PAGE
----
Machine LearningEstimated reading time: 4 minutes
Firms have three goals: discovering, predicting and decision making. Machine learning helps with all of these practices. There are many non-machine learning discovering (correlation map), predicting (arima) and decision making techniques (linear programming and DEA); further in the illustration below decision making is lumped into discovering as ‘strategy’ with reinforcement learning as the primary task.
Firms can benefit from a wide range of machine learning tasks. Of all the task types, as is illustrated by the above four green boxes, predictive machine learning offers the greatest benefit to financial technologies. A further, higher-level categorisation of machine learning techniques is:
- supervised and
- unsupervised learning
In the above illustration, predictive machine learning falls under supervised learning, whereas clustering and anomaly detection generally falls under the unsupervised classification section. So what is meant by supervised and unsupervised learning.
Finds patterns (and develops predictive models) using both, input data and output data.
All Supervised Learning techniques are divided in Classification or Regression prediction tasks.
Classification is used for predicting discrete responses. (Binary 1, 0; Multi-class 1, 2, 3)
- Future direction of commodity, currency, equity and bonds prices.
- Predicting customer’s gender.
- Predict whether customers will or will not respond to direct mail.
- Predict the likelihood that a grant application will succeed.
- Predict whether someone is willing to donate to a cause.
- Predict which shoppers are most likely to repeat purchase.
- Item specific sales prediction i.e. unit of sales across stores.
- Predict the unit of sales from multiple items in a single store.
- Predicting the likelihood of certain crimes occurring at different points geographically and at different times.
- What when, where and at what severity will the flu strike.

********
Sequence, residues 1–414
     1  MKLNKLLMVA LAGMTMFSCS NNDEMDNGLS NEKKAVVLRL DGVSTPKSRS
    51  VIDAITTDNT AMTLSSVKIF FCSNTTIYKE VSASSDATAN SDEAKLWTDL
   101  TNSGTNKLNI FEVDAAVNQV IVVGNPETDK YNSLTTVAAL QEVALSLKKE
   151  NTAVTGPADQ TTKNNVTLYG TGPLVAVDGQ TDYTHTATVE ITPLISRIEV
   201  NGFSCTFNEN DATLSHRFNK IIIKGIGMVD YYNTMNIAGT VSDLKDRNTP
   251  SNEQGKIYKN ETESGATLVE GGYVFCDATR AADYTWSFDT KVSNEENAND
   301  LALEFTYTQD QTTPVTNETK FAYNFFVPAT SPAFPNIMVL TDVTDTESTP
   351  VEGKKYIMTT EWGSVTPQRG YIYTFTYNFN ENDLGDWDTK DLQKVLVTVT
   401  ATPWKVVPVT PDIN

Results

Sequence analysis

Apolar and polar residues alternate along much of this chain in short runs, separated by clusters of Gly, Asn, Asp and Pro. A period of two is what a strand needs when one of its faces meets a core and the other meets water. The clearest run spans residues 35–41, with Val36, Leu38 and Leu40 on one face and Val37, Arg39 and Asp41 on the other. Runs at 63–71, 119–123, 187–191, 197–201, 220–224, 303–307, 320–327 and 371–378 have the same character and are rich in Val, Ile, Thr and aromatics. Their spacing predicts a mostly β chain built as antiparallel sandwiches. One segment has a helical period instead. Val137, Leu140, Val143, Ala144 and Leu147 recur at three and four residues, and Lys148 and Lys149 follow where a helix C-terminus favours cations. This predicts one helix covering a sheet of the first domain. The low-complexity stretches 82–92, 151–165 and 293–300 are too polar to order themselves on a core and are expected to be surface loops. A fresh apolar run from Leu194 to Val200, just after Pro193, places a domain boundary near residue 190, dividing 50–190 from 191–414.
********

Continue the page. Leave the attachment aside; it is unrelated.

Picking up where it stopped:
- Predict the most pressing community issue amongst alternatives.
- What customers will purchase what insurance policy.
- Predict which blog post from a selection would be most popular
- Predict destination of taxi with initial partial trajectories.
Regression is used for predicting continuous responses. (35 times, $34,000)
- Predict how many times a customer would call customer service in the next year.
- Corporate valuation.
- Salary prediction and recommendation.
- Predict sales dollars of a product at launch.
- Predict probabilistic distribution of hourly rain using polarimetric radar measurements.
- Predict the sale price at auction.
- Predict census return rates.
- Predict customer lifetime value.
- Predict severity of claims/final cost.
- Clicks how many clicks/interest will something receives based on its characteristics.
- House price valuations.
- Predict the duration of a process.
- Predict prescription volume.
Finds patterns based only on input data. This technique is useful when you’re not quite sure what to look for. Often used for exploratory analysis of raw data. Most Unsupervised Learning techniques are a form of Cluster Analysis.
Cluster Analysis: In Cluster Analysis, you group data items that have some measure of similarity based on characteristic values.
- Cluster customers to understand behaviour.
- Understand markets by clustering buyers and sellers according to characteristics.
- Cluster data to discriminate between supplier service delivery.
Structured and Unstructured Data:
Machine learning models allow us to incorporate both structured and unstructured data.
What is structured data?
Structured data is the type of data most of us are probably used to working with. Think of data that fits neatly within fixed fields and columns in relational databases and spreadsheets. Types of structured data include numbers, currency, alphabetical, names, dates, and addresses.
Structured data is highly organized and easily understood by machine language. Those working within relational databases can input, search, and manipulate structured data relatively quickly. This is the most attractive feature of structured data.
The programming language used for managing structured data is called structured query language, also known as SQL. This language was developed by IBM in the early 1970s and is particularly useful for handling relationships in databases.
What is unstructured data?
Unstructured data is the chaotic brother of structured data, as it cannot be processed and analysed using conventional tools. Examples of unstructured data include text files, video files, audio files, mobile activity, social media activity, sensor activity, geo-location activity, satellite imagery, surveillance imagery – honestly, the list goes on and on.
Unstructured data is difficult to make sense of because it has no pre-defined structure that makes it easy to classify in a relational database. Instead, non-relational, or NoSQL databases, are best fit for managing unstructured data. An astonishing 80 percent of all data generated today is considered unstructured – and this number will continue to rise as new internet-connected devices come online.